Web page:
As part of my personal professional development I have tried to listen to others’ criticisms of and observations about my approach and to view them as great opportunities to improve my performance.


There have been many observations made by my friends and colleagues over the years  – it is their honesty that has allowed me to improve and grow as a businessman, and for that I will always be grateful – more about this on another day


One of my big faults over the years has been to overcomplicate things.  My operational business plans are almost legendary amongst my colleagues.  In my quest to “get it right” I propose systems that measure and control all aspects of the business – I have in the past been given information about everything.  I produced a Management Dashboard akin to a Boeing 747 flight deck!,   The question is, do I really need all of that information, and what do I do with it?


Whilst the consideration that “Information is Power” is certainly true, it can, in my experience also be a hindrance – too much information in the past has lead me to focus my time into the wrong areas, or to misinterpret the cause of a challenge.

The best Managers that I have met have this great ability to cut away the unimportant things and get to the nub of an issue quickly and effectively, and then to take corrective measures before too much damage is done to the business.  These individuals keep their operation as simple as possible, and it is wonderful to watch them work (or even better work with them) as they are able to think and comment with so much clarity.


Quite a bit of my younger working life was spent in the music business, and I enjoyed many an hour watching some of the world’s finest musicians record their music under the watchful eye and finely tuned ears of some wonderful Producers.  I quickly came to realise that invariably the best recordings were the simple ones – the thing that made the great recordings stand out from the average was as much about what was not played as what was played – great recordings have “space”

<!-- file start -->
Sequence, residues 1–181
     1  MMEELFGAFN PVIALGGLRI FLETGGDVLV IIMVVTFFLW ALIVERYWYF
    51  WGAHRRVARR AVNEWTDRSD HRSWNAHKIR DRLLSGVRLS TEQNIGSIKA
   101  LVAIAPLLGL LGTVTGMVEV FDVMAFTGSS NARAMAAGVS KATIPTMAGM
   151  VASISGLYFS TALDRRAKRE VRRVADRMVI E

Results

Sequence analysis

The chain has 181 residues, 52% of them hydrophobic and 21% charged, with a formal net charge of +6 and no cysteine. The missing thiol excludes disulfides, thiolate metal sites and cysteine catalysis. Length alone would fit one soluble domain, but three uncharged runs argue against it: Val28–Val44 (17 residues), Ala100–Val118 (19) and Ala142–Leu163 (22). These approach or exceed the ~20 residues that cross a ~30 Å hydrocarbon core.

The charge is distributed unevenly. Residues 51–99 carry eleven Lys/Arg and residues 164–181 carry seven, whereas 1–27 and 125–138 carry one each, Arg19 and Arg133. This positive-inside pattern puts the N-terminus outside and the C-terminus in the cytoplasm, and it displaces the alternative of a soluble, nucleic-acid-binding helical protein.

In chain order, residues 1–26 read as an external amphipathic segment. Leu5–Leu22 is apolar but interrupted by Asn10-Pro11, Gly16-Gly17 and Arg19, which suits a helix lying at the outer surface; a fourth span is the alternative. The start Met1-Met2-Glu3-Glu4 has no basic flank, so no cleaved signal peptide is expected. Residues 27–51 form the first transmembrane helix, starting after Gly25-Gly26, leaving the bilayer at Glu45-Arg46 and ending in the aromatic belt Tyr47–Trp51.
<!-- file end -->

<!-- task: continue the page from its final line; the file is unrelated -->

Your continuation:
Top chefs have the same ability, I experienced a thoroughly enjoyable evening recently hosted by two star Michelin chef Michael Caines – the meal was exquisite – the flavours almost exploded in your mouth – why was it so good? – Because you could taste all of the flavours individually, nothing eclipsed anything else – again, I am no culinary expert, but I would say that it was more about what he left out, than what he put in that gave me this experience – less is more.


And another point…..the simpler it is – the less likely it is to go wrong.  I used to drive an Audi A6 – it was a brilliant and very clever car, the engine management system in this particular car however had a glitch in it, and consequently it would suddenly stop for no reason – it had a mind of it’s own at times.  It was constantly taken back to the dealer where the mechanics (I think they are referred to as technicians these days), and Audi themselves still could not identify the cause of the problem – ( I hasten to add that the service that I had from the Audi dealership over this issue was been nothing short of exemplary) the car was wonderful, but was it too clever by half? – I never had this problem with my Mini when I was 17!  (it does actually beg the question, what will happen to these “intelligent” cars as they get older and the engine management systems start to fail and do things that they want to do – could be a bit tricky if you are driving at 70mph in traffic and the engine just stops!).


The best business concepts are the simple ones – the ones that you can measure and manage.  They are easier to control, and far less likely to go wrong.  When they do go wrong, it is easy to spot the problem and to fix it.


I have put a lot of emphasis recently on the production of clear concise management information – on the advice of colleagues, my 747 flight deck has now changed to a car dashboard – at least when it rains I can find the switch for the windscreen wipers and see the road ahead…….

For More Inspiration……..why not touch base with others who are running export businesses – get more ‘ExportSavvy’ and join our International Trade Community – it is sponsored and hence free of charge to you.  

You could simplify your approach to export by taking a look at our six key considerations as featured in our learning module “The Road Ahead”  – .  it is also sponsored and free of charge.


David Bone CDir – Managing Director  – ExportSavvy Ltd

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